Moore appreciates the time she had off and is searching for ways to continue writing. Currently, she writes during her winter and summer breaks.

“I thought I would have to hold off writing for many years but I was given this gift of a year writing. However, writing is now on hold because of family and students,” she said.

From her time off, she found new methods to teach her students. She learned that the process of brainstorming, outlining, and drafting isn’t always how writers write in the real world. She has also begun to use different outlets for her assignments.

“I want to find authentic audiences, like creating blog posts instead of just a flat sheet of paper to hand to a teacher for a grade. I loved writing a blog to interact with other people quickly and see people share my work. Unlike the publishing world which takes a long time; one piece of mine took eight months to print,” Moore said.

Moore understands that not everyone likes writing, but thinks it should be a skill that everyone masters.

“I hope people come out of my class knowing how to write coherently because they all have something important to say and words are a tool to express their ideas,” Moore said.

Breaking Stereotypes: Christopher Hayes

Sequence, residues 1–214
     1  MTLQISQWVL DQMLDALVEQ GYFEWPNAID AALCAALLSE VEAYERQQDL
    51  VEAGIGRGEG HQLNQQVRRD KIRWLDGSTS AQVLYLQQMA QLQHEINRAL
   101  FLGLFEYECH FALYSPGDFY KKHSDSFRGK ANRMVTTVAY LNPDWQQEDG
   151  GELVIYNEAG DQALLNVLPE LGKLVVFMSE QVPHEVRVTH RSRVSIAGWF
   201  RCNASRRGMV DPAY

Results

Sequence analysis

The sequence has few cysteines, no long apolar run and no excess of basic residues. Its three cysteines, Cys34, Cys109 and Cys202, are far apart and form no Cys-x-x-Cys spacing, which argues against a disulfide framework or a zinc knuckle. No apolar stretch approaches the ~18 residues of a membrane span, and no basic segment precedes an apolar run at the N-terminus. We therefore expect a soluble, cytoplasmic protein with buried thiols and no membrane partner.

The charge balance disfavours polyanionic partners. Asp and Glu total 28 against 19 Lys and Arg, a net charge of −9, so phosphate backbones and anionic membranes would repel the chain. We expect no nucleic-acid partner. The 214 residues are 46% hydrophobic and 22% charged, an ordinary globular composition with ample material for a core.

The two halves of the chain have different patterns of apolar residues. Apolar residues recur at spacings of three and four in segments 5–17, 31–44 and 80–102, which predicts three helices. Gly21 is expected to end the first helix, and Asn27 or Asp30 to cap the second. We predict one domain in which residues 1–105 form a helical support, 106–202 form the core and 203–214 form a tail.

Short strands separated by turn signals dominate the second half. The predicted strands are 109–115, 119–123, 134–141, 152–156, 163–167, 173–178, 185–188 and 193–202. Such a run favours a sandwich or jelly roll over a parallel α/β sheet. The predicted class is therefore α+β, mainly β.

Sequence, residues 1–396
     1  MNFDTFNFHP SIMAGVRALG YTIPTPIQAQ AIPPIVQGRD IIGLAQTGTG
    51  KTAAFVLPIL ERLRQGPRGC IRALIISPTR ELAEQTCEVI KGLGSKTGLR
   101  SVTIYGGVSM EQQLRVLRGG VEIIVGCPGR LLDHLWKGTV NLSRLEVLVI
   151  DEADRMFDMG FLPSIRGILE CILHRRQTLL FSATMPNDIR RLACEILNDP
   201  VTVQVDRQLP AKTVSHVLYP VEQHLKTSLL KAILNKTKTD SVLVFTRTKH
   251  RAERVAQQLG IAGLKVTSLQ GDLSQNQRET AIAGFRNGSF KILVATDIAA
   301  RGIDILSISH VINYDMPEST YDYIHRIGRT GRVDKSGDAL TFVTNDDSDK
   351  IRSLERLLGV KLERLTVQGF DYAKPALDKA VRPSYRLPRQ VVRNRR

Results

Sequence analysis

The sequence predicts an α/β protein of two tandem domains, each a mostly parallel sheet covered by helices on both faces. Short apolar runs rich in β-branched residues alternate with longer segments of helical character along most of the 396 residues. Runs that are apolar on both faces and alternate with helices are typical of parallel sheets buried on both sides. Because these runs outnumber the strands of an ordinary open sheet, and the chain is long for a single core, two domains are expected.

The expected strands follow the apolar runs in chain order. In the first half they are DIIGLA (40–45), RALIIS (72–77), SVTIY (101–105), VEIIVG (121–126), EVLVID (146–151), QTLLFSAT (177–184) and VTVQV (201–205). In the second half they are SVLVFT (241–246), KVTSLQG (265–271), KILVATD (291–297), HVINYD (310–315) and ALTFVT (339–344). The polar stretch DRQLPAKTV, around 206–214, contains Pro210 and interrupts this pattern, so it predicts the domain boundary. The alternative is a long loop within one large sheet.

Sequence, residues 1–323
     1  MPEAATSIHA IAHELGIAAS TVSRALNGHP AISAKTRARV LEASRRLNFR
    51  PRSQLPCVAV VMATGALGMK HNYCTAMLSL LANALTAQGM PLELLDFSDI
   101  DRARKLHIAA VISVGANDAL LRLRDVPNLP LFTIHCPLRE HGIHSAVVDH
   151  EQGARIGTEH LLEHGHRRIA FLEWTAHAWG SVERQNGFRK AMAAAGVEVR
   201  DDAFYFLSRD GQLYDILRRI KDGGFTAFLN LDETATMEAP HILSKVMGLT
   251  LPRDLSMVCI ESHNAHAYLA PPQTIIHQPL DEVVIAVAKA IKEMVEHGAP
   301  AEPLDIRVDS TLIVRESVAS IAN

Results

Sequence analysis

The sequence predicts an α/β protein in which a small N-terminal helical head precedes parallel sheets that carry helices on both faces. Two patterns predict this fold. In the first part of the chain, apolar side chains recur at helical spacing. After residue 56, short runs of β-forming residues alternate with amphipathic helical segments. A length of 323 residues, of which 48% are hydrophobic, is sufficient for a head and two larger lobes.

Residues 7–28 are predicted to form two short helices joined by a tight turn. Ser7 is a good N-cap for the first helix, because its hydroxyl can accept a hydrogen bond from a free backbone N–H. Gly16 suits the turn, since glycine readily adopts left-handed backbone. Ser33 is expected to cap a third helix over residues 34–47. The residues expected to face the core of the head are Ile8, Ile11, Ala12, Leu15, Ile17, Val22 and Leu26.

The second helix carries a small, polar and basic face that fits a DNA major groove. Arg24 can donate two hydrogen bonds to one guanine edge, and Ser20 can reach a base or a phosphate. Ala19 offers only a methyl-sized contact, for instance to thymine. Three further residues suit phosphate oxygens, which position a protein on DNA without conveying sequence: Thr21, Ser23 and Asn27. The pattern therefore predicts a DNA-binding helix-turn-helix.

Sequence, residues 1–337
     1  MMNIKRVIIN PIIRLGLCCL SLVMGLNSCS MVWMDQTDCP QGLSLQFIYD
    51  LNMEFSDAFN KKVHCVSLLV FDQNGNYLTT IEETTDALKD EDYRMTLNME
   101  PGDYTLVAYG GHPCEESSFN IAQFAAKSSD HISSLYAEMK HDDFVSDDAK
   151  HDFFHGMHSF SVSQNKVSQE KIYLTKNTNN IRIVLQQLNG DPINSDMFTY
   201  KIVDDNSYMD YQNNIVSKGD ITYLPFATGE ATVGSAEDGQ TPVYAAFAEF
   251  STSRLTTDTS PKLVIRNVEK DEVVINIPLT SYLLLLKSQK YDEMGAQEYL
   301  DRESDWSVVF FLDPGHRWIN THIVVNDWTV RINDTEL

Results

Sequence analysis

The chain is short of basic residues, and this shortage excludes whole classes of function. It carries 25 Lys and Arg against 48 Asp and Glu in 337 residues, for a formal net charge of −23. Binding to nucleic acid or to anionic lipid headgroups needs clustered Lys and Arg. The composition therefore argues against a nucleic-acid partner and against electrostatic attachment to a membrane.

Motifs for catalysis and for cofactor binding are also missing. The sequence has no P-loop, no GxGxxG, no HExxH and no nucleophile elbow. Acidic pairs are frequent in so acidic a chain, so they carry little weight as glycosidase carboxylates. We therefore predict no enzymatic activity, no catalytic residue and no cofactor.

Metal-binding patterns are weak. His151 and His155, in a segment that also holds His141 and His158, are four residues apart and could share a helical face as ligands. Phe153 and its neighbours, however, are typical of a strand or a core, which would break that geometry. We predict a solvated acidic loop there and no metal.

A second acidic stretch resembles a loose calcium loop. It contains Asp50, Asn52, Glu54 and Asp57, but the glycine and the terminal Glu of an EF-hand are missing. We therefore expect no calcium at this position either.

Screen Shot 2016-02-10 at 9.01.03 AMSpanish teacher Christopher Hayes has been immersed in the Hispanic culture through travel as well as mastering the language.

After experiences with Mexicans, Hayes knew that he wanted to further explore Spanish.

“When I was little, I had a family friend who was bilingual,” Hayes said. “We started having an influx of immigrants from Mexico and two students came into class and knew zero English.”

In college, Hayes studied abroad in Mexico where he studied Spanish at a local school and lived with a family there.

“Ever since I did that international trip, I almost only go international when flying,” Hayes said. “I love seeing the culture and the world and seeing how people live doing the same things done but in different ways. It changes you and the way you are.”

Recently, he returned from another trip to Mexico over winter break where he relaxed on the beach. Hayes has spent time in nine countries, and has plans to visit more in the future.

“I’ve been to Mexico, the Bahamas, Canada, the United Kingdom, France, Spain, Italy, Antigua and the Dominican Republic,” Hayes said. “I would love to get to South Africa and Ghana, and I would love to get through South and Central America.”

While traveling, he enjoys breaking his preconceived notions about a country or its people.

“Mexico is not a third world country. The people in Mexico are hardworking and have the same things that we do here,” Hayes said.

To Hayes, traveling is not limited to what is in the brochure but also living with the locals and experiencing what they do in the day-to-day lives.

Hayes encourages students to immerse themselves in the culture through traveling, being open minded or learning a new language.

“I want my students to learn from other people,” Hayes said. “The more you know about other people the more powerful citizen you will become and the more easily you can climb the ladder of success to understand other people and cultures.”